Can beauty concerns promote positive body image?

In light of research (e.g. Williams et al., 2013) indicating that beauty concerns can be utilised to reduce unhealthy behaviours such as tanning, smoking and more recently, alcohol consumption, a central question remains about the ethics of doing so. In other words, in a society where appearance increasingly defines who you are, and unrealistic beauty standards are a distinct marker of social class (Grogan, 2016), is it responsible of researchers to further emphasize this?

Beauty, and particularly youthfulness, has long been the main standard on which women (and increasingly men, albeit not to the same extent) are judged (Wolf, 1991), but perhaps never as intensively as in a time where media images are omnipresent. Walter (2010) goes as far as suggesting the 21st century to be the era of “new sexism” - related, but not identical to, Glick & Fiske’s (1996) concept of Benevolent Sexism - where traditional aspects of patriarchy such as objectification and sexualisation of women are re-branded as empowering personal choices, perpetuated by women themselves. Women are strongly discouraged from any form of natural ageing, with plastic surgery offering a very real option to do so (Grogan, 2016). Given what Self-Objectification Theory (Fredrickson & Roberts, 1997) suggests about the detrimental effects highlighting women’s appearance can have on everything from their mental health to math’s performance, it is crucial that researchers who utilise concerns about beauty and aging in research, strive to do so in an ethical manner.

Within body image research, the focus is increasingly shifting away from a traditional perspective of negative body image to the promotion of a positive body image, among young people as well as adults (Wood-Barcalow et al. 2010). Research on whole-body scanning has indicated that technical solutions can be used to increase body satisfaction, particularly among women, although long-term results are inconclusive (Grogan et al., 2013). Looking at appearance-focused behaviour change techniques such as facial morphing, is it possible that this could be utilised in a way to promote positive, rather than negative perceptions of ageing? A crucial aspect of the facial-morphing technique is that participants receive two aged photos: one which is based on the health-damaging behaviour in question (e.g. smoking or UV exposure) and a comparison photo based on natural ageing (without UV smoking or UV exposure). Preliminary results of research on attitudes to UV exposure and facial morphing among older women that is currently being conducted at Manchester Metropolitan University indicates that the comparison between the two photos can result in a positive evaluation of the natural aging process. As well as expressing negative evaluations of the UV-exposed photos, it appears that this participant group was pleasantly surprised by the naturally aged photo, indicating that they felt positively about the way they are likely to look when they're older. In addition to the comparison aspect, it is also possible that facial-morphing instils people with a sense of self-agency and self-efficacy, i.e. that their future appearance can be directly influenced by themselves (i.e. using sun protection) rather than aspiring to a beauty ideal presented in mainstream media that is largely unattainable (Grogan, 2016). This is incredibly encouraging, as it suggests that appearance-focused interventions such as facial morphing can be a positive influence, not only in prompting behaviour change and thus increasing chances of being physically healthy when older, but also in promoting a positive outlook on the aging process itself.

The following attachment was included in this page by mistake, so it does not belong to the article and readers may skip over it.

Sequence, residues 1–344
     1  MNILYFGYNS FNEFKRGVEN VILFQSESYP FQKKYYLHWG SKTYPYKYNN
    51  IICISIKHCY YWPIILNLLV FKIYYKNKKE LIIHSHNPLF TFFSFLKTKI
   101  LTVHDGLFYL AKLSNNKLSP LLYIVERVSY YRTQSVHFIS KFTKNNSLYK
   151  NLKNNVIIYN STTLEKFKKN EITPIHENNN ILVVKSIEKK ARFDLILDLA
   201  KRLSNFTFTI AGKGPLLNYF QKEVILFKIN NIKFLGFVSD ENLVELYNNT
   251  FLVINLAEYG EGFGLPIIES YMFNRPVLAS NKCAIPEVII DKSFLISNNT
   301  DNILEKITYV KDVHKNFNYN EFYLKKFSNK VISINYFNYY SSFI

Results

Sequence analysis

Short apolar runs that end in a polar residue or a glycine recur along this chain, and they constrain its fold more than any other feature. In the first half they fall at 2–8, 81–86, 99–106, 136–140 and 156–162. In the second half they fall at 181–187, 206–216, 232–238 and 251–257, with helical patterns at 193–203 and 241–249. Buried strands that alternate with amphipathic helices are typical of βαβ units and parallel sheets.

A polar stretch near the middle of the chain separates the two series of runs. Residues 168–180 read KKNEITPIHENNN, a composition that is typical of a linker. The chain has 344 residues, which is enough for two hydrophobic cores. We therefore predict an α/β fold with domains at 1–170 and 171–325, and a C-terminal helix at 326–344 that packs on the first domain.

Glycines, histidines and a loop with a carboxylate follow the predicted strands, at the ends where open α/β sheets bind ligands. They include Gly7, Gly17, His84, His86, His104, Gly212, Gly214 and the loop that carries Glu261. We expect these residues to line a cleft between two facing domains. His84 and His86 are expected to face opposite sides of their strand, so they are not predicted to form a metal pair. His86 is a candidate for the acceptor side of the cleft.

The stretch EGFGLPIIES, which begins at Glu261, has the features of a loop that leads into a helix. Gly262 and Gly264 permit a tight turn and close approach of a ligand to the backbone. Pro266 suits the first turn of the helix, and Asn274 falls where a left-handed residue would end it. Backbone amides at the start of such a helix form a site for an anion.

By Sofia Persson

Sofia Persson is a PhD researcher and associate lecturer at Manchester Metropolitan University. Her primary research interests include behaviour change techniques and body image among men and women.

Fredrickson, B. & Roberts, T. (1998). ‘The swimsuit becomes you: sex differences in self-objectification, restrained eating, and math performance’. Journal of Personality and Social Psychology, 75(1) 269-284.

Glick, P. & Fiske, S. (1996). ‘The ambivalent sexism inventory: differentiating hostile and benevolent sexism’. Journal of Personality and Social Psychology, 70(3), 491-512.

Grogan, S. (2016). Body image. London: Routledge

Grogan, S., Gill, S., Brownbridge, K., Kilgariff, S. & Whalley, A. (2013) ‘Dress fit and body image: A thematic analysis of women’s accounts during and after trying on dresses’. Body Image. 10(3), 380-388.

Walter, N. (2010). ‘Living dolls – the return of sexism’. London: Virago Press.

Williams, A., Grogan, S., Clark-Carter, D., Buckley, E. (2013). ‘Appearance-based interventions to reduce ultraviolet exposure and/or increase sun protection intentions and behaviours: A systematic review and meta-analysis’. British Journal of Health Psychology, 18(1), 182-217

Wolf, N. (1990), The beauty myth. London: Vintage

Wood-Barclow, N., Tylka, T. & Augustus-Horvavth, C. (2010) ‘But I like my Body’ Body Image, 7(3), 106-118


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